# Integral domain

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integral ring

A commutative ring with identity and without divisors of zero (cf. Divisor). Any field, and also any ring with identity contained in a field, is an integral domain. Conversely, an integral domain can be imbedded in a field. Such an imbedding is given by the construction of the field of fractions (see Fractions, ring of).

If is an integral domain, then the ring of polynomials and the ring of formal power series over are also integral domains. If is a commutative ring with identity and is any ideal in , then the ring is an integral domain if and only if is a prime ideal. A ring without nilpotents is an integral domain if and only if the spectrum of is an irreducible topological space (cf. Spectrum of a ring).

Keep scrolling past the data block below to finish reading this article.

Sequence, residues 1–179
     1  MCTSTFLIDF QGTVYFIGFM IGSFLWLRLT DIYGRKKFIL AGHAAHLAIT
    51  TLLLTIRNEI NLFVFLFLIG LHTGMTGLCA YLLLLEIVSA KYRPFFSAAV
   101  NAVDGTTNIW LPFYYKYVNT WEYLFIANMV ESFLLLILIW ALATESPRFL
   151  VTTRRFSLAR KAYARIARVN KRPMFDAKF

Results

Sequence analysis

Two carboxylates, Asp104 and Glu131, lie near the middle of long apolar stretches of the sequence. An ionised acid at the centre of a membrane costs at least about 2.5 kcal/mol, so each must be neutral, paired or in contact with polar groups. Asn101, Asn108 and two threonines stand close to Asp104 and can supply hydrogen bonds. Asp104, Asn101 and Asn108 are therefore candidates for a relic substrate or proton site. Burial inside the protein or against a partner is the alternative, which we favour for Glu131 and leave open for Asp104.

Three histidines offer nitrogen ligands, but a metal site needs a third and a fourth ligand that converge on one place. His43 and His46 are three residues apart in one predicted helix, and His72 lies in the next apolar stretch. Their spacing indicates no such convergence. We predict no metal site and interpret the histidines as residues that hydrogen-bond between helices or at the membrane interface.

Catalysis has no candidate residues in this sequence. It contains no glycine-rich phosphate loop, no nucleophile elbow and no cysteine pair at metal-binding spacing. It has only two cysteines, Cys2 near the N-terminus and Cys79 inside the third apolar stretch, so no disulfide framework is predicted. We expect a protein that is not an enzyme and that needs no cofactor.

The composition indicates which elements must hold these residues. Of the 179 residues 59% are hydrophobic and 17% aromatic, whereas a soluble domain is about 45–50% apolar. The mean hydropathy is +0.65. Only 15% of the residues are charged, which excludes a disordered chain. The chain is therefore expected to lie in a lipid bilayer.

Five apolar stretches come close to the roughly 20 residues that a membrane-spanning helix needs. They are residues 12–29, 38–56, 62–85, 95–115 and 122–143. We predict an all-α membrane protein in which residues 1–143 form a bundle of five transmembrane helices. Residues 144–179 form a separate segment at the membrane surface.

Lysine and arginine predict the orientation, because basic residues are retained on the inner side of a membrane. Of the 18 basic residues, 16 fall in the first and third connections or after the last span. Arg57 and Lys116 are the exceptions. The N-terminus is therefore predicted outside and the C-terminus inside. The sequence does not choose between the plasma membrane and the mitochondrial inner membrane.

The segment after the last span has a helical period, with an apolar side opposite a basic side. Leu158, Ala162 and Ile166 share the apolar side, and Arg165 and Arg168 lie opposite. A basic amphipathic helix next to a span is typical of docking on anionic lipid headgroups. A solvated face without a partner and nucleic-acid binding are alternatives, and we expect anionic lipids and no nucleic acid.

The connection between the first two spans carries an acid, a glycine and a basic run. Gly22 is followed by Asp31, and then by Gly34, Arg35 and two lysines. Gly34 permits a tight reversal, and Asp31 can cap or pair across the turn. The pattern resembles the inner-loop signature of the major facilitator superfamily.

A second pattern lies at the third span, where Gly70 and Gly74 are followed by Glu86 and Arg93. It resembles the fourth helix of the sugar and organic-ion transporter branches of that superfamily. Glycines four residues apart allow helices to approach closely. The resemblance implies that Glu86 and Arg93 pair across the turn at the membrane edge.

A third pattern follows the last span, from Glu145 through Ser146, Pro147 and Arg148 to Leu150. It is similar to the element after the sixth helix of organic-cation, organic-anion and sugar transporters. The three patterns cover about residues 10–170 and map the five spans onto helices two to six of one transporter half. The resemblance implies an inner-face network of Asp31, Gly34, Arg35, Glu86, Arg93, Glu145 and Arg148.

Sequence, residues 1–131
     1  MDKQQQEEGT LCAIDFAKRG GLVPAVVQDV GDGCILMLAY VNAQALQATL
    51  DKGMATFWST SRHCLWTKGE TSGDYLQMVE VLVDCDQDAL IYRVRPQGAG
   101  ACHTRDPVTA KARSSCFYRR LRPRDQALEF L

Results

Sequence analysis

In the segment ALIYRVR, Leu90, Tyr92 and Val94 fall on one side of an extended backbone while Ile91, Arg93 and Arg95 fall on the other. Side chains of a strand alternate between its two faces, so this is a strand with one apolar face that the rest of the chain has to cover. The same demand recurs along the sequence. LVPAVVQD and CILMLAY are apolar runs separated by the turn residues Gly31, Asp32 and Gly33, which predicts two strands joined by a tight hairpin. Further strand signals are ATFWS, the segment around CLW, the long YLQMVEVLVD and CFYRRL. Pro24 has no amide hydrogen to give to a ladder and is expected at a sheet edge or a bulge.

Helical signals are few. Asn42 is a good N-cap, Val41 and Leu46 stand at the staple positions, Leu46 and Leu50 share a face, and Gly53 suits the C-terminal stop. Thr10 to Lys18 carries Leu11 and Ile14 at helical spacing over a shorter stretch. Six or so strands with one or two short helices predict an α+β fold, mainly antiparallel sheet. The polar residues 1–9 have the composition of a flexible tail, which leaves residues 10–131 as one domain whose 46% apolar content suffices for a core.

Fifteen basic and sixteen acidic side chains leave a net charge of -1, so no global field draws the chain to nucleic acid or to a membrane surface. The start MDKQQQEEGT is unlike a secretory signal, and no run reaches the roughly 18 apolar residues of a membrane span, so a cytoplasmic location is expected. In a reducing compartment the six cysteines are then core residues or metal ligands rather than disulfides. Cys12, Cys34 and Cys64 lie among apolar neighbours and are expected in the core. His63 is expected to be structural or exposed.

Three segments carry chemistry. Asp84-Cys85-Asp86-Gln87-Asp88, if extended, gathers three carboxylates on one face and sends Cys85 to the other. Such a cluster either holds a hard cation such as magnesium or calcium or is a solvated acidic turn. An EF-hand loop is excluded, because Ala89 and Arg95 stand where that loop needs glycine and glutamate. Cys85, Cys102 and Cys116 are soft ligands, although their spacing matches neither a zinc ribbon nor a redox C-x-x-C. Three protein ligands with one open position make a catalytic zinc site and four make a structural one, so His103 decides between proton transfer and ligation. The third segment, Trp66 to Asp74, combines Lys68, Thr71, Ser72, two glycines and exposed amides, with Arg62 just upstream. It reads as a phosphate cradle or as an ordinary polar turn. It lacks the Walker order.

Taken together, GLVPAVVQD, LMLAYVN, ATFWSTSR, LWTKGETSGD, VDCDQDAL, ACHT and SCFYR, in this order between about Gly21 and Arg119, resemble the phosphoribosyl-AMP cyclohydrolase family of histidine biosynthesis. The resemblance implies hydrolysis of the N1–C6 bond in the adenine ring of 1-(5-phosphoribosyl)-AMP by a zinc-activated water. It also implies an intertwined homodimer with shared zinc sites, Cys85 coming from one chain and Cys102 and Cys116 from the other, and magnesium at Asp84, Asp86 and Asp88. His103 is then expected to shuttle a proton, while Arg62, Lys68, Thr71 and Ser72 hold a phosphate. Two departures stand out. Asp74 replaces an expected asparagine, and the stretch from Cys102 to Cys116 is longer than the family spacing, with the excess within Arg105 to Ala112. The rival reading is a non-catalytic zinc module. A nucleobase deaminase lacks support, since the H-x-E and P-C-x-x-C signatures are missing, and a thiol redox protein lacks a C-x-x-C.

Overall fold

Sometimes commutativity of is not required in the definition of an integral domain. Skew-fields and subrings of a skew-field containing the identity are examples of non-commutative integral domains. However, it is not true, in general, that an arbitrary non-commutative integral domain can be imbedded in a skew-field (see [2], and Imbedding of rings).

#### References

 [1] S. Lang, "Algebra" , Addison-Wesley (1965) [2] P.M. Cohn, "Free rings and their relations" , Acad. Press (1985) [3] C. Faith, "Algebra: rings, modules, and categories" , 1 , Springer (1973)
How to Cite This Entry:
Integral domain. Encyclopedia of Mathematics. URL: http://encyclopediaofmath.org/index.php?title=Integral_domain&oldid=15894
This article was adapted from an original article by L.V. Kuz'min (originator), which appeared in Encyclopedia of Mathematics - ISBN 1402006098. See original article